Follow

Keep in contact through the following social networks or via RSS feed:

  • Follow on Facebook
  • Follow on Twitter
  • Follow on GoodReads
  • Follow on Pinterest
  • Follow on Blogger

Getting Dressed in 1816

Below is the link to another fun video of a woman getting dressed, this time in 1816, which is more of less the time my books are set in. In addition, there’s a little bit about Mary Shelley, who at the tender age of 19, penned the immortal story of Frankenstein. So it’s perfect timing for Hallowe’en.

But I’m back to having trouble embedding the video into my blog, so you’ll have to click on the link, (and put up with the ads, sorry.)

And here are two images of  gorgeous black regency-era dresses — mourning dresses — embroidered black net over white muslin (probably), just to get you in the mood.

Interviewing Sulari Gentill

Today on the Word Wench blog, I’m interviewing historical crime writer Sulari Gentill. In the interview she  talks about her inspiration, her books, ridiculous research rabbit holes and her upcoming US tour.

Sulari writes a crime series set in the 1930’s during the rise of fascism — in Australia, in Nazi Germany and elsewhere in the world. Fascinating history and good stories with likable and interesting characters.

One of the things I really enjoy in her books are little historical “bon-bons” where a  walk on peripheral character will be a real person from history. You won’t recognize them all, but she explains them at the end of each book. Such fun.

Sulari is giving away a book on the word wench blog so if you pop over there and leave a comment, you’ll be in the draw.

Anyway Sulari and three other aussie crime writers are about to head off on a US tour. The schedule is below.

If they’re appearing near you, why not pop over and say hi.
And try her books. They really are fun.

In Scotland

When I was eight, we went to live in Scotland, just for a year — my dad did a swap with a Scottish teacher. She lived in our house and did his job and we lived in her house and he took her classes. We lived in this house in a pretty and historical small village.

For me, it was a magical move. For a start, I’d never lived in a two story house — in Australia back then most houses (except for inner city terrace houses) were single story.  I’d read all these lovely English stories where people had attics, but I’d never had one or even seen one, and this house not only had an attic, it was reached by a “secret” stairway through a cupboard door. So exciting. And from an angled window set into the attic ceiling, you could look out over the rooftops and see an ancient Pictish tower.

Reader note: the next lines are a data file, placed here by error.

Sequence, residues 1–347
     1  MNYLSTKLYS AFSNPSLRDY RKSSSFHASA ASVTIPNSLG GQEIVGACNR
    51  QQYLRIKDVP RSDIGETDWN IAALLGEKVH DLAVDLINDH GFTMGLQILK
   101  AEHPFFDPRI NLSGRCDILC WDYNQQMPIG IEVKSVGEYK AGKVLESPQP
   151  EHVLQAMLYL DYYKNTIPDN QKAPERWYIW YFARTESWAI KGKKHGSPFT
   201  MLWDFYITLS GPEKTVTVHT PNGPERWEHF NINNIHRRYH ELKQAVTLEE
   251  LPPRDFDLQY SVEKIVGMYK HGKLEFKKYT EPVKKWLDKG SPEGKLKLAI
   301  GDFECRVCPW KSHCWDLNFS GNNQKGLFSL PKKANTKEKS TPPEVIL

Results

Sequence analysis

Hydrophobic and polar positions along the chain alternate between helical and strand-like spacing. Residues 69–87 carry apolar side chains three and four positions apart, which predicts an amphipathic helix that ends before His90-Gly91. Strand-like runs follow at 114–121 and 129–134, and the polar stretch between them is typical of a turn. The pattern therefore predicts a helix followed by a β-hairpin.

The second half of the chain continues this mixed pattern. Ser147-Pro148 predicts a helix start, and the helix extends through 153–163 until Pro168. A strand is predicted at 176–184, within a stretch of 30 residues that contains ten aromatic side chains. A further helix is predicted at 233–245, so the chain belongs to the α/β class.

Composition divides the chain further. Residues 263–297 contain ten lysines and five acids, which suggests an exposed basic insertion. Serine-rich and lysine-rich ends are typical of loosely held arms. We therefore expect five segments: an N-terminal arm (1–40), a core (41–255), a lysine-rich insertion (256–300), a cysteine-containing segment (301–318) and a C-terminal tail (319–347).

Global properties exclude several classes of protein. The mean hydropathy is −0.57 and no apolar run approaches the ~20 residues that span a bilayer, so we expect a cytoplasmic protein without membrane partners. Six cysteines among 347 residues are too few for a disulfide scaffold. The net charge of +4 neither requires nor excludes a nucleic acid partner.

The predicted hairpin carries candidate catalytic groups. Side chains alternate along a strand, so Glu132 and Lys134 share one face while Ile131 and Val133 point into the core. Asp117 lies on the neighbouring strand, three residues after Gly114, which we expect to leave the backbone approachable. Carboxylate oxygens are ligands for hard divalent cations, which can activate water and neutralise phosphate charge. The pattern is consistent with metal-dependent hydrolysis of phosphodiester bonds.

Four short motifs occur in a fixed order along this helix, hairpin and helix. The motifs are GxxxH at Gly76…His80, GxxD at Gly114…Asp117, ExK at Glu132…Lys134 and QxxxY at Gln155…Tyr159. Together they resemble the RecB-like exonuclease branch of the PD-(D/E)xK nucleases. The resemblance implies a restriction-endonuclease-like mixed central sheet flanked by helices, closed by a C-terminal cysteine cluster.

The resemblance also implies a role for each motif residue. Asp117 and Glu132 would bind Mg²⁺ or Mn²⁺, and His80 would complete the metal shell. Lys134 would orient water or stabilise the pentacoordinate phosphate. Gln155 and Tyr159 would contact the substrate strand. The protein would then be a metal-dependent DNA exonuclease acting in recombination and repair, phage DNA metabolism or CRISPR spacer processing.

We arrived in the heart of winter and the big garden was all covered in snow — again, something magical for me, though the snow was frozen and packed too hard to make a snowman. But when the snow eventually started to melt, I couldn’t believe that the poor frozen plants under the snow could come back to life again, but they did. It was my very own “secret garden” experience and I’ve never forgotten it.

Do you know the Secret Garden, by Frances Hodgson Burnett? It’s a Victorian-era story of a spoiled, disagreeable child, Mary Lennox, who was born in colonial India, and when orphaned, had to start life again in very different circumstances in England. She meets her neurotic crippled cousin and a wholesome country boy, and together they discover and restore a secret garden, and in doing so, heal themselves. I loved it as a child.

Frances Hodgson Burnett wrote a number of books for children. I was a real bookworm as a kid — nothing has changed there — and I learned quite young to remember author’s names, and that if I liked one book by an author, I was likely to enjoy their other books as well. 

My other favorite of her books was The Little Princess. Again it was about a child who started life in colonial India, but though she was indulged and pampered, she was a sweetie. When she’s orphaned her life changes dramatically — she goes from being a rich girl in an exclusive girls’ boarding school, to being an unregarded drudge. Lovely story. I might have to read them both again. (Note, the link for the Little Princess takes you to a kindle file with both of these stories.)